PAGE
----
Sometimes, we are stressed out by the demands of our daily life. Many of us come home after a long day at work, prepare meals, do other domestic chores, and spend the rest of our time with family and friends. There is not much time left to do something else. The message of today’s reading from the second letter of the Apostle Paul to Timothy is easily put aside in this context. Paul encourages Timothy to proclaim the Word, whether it is convenient or inconvenient, whether people want to listen or not. What Paul asks of Timothy, he also asks of us! However, is he not asking too much of us? Aren’t we too busy for that?
Though Paul obviously means “convenient or inconvenient for others” we can also include our own convenience or inconvenience of proclaiming the Good News of Christ. I find myself often pushing aside Paul’s call to proclaim the Word; I am just too tired after a day of work and thinking of doing something else, on top of what I have been doing, is not a priority for me. My mind is already full with so many thoughts and ideas; pondering how I could proclaim the Word is not my main concern. I often fail to integrate proclaiming the Word because I regard this task as something that I should do in addition to my busy schedule.
Whenever I feel tired and worn out, I remind myself that proclaiming the Word is not something in addition to anything else. It is done within the framework of what I am already doing! I actually proclaim Christ’s Good News through appropriate words at work and whenever I meet others. I proclaim his Gospel whenever I am setting a good example. I proclaim Christ’s Word in whatever I am doing through showing a preferential option for the marginalized around me and in the world.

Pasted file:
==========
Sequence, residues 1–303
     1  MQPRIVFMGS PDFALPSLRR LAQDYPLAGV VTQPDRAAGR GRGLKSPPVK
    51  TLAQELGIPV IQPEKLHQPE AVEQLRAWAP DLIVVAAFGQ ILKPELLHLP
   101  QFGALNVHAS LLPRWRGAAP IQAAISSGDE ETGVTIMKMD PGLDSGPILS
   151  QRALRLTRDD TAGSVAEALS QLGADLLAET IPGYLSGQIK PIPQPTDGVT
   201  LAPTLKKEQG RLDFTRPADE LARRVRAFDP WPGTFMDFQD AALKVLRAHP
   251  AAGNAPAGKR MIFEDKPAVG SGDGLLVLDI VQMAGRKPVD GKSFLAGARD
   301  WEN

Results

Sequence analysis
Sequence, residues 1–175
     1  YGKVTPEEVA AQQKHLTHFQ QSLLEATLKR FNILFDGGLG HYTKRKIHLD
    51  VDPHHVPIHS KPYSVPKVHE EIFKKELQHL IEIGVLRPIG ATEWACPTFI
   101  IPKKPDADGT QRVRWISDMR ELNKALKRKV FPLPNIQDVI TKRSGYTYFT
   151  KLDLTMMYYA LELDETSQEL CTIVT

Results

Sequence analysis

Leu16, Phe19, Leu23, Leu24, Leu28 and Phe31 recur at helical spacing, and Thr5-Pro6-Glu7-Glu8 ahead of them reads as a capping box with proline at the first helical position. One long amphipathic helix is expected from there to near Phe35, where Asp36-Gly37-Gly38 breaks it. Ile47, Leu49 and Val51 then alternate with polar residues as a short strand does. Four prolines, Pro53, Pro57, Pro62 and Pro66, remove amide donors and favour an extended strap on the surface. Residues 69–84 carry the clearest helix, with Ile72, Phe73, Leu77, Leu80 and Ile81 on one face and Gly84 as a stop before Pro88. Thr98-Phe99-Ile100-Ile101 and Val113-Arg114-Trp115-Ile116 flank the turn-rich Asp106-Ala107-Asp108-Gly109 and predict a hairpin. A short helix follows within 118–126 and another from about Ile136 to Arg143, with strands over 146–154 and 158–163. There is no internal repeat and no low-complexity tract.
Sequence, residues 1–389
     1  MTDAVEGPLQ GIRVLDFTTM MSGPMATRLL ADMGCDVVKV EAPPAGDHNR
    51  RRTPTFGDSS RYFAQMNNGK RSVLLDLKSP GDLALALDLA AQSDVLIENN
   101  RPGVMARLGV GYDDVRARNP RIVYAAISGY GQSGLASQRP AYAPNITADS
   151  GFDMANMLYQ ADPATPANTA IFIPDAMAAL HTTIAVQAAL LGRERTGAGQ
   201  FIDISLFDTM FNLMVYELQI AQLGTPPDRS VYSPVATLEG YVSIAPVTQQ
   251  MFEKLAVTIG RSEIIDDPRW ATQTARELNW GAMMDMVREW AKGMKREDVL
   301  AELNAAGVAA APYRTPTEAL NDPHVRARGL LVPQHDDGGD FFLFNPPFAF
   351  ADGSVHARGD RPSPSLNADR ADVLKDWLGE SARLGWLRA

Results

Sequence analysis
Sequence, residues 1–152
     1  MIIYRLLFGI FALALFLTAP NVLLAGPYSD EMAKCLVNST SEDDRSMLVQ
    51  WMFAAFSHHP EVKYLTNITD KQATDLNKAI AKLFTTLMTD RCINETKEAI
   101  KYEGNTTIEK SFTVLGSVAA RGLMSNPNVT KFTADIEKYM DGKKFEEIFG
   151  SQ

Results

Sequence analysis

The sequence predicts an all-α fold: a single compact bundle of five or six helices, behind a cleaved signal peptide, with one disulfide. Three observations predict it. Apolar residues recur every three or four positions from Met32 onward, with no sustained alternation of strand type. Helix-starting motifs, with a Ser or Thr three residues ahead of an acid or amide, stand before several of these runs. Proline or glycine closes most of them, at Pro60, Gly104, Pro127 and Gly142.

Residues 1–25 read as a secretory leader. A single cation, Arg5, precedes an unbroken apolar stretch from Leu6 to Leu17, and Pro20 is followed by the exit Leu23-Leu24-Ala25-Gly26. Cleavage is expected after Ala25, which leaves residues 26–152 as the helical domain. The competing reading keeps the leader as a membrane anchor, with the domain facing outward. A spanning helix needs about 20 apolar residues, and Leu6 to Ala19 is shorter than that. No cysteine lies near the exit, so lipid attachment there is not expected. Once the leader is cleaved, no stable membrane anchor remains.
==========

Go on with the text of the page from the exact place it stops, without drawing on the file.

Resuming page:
The Gospel adds another dimension to proclaiming the Good News in our busy time. We are unlike the rich in today’s Gospel of Saint Mark, who contributed from their surplus. We are more like the poor widow who gave the little she had. I don’t mean that we are poor in monetary terms. I am referring to our time. Time is today a scarce and valued commodity. Most of us do not have a surplus of time. But when we give the little time we have we can compare ourselves to the poor widow which was praised by Jesus. When we have an hour available at the weekend we can proclaim the Word by volunteering in our parish. When we have a day available during one month we can give witness of our faith by supporting a project in our neighborhood, our city, or our nation. When we have a week available during the summer we can support the evangelization efforts of our church by participating in a particular program.
Whether we proclaim the Gospel implicitly during our daily routine or explicitly by dedicating specific time to proclaiming the Word, we can do so in a prayerful spirit, very much like the author of Psalm 71, the psalm that is read in today’s mass:
My mouth shall be filled with your praise,
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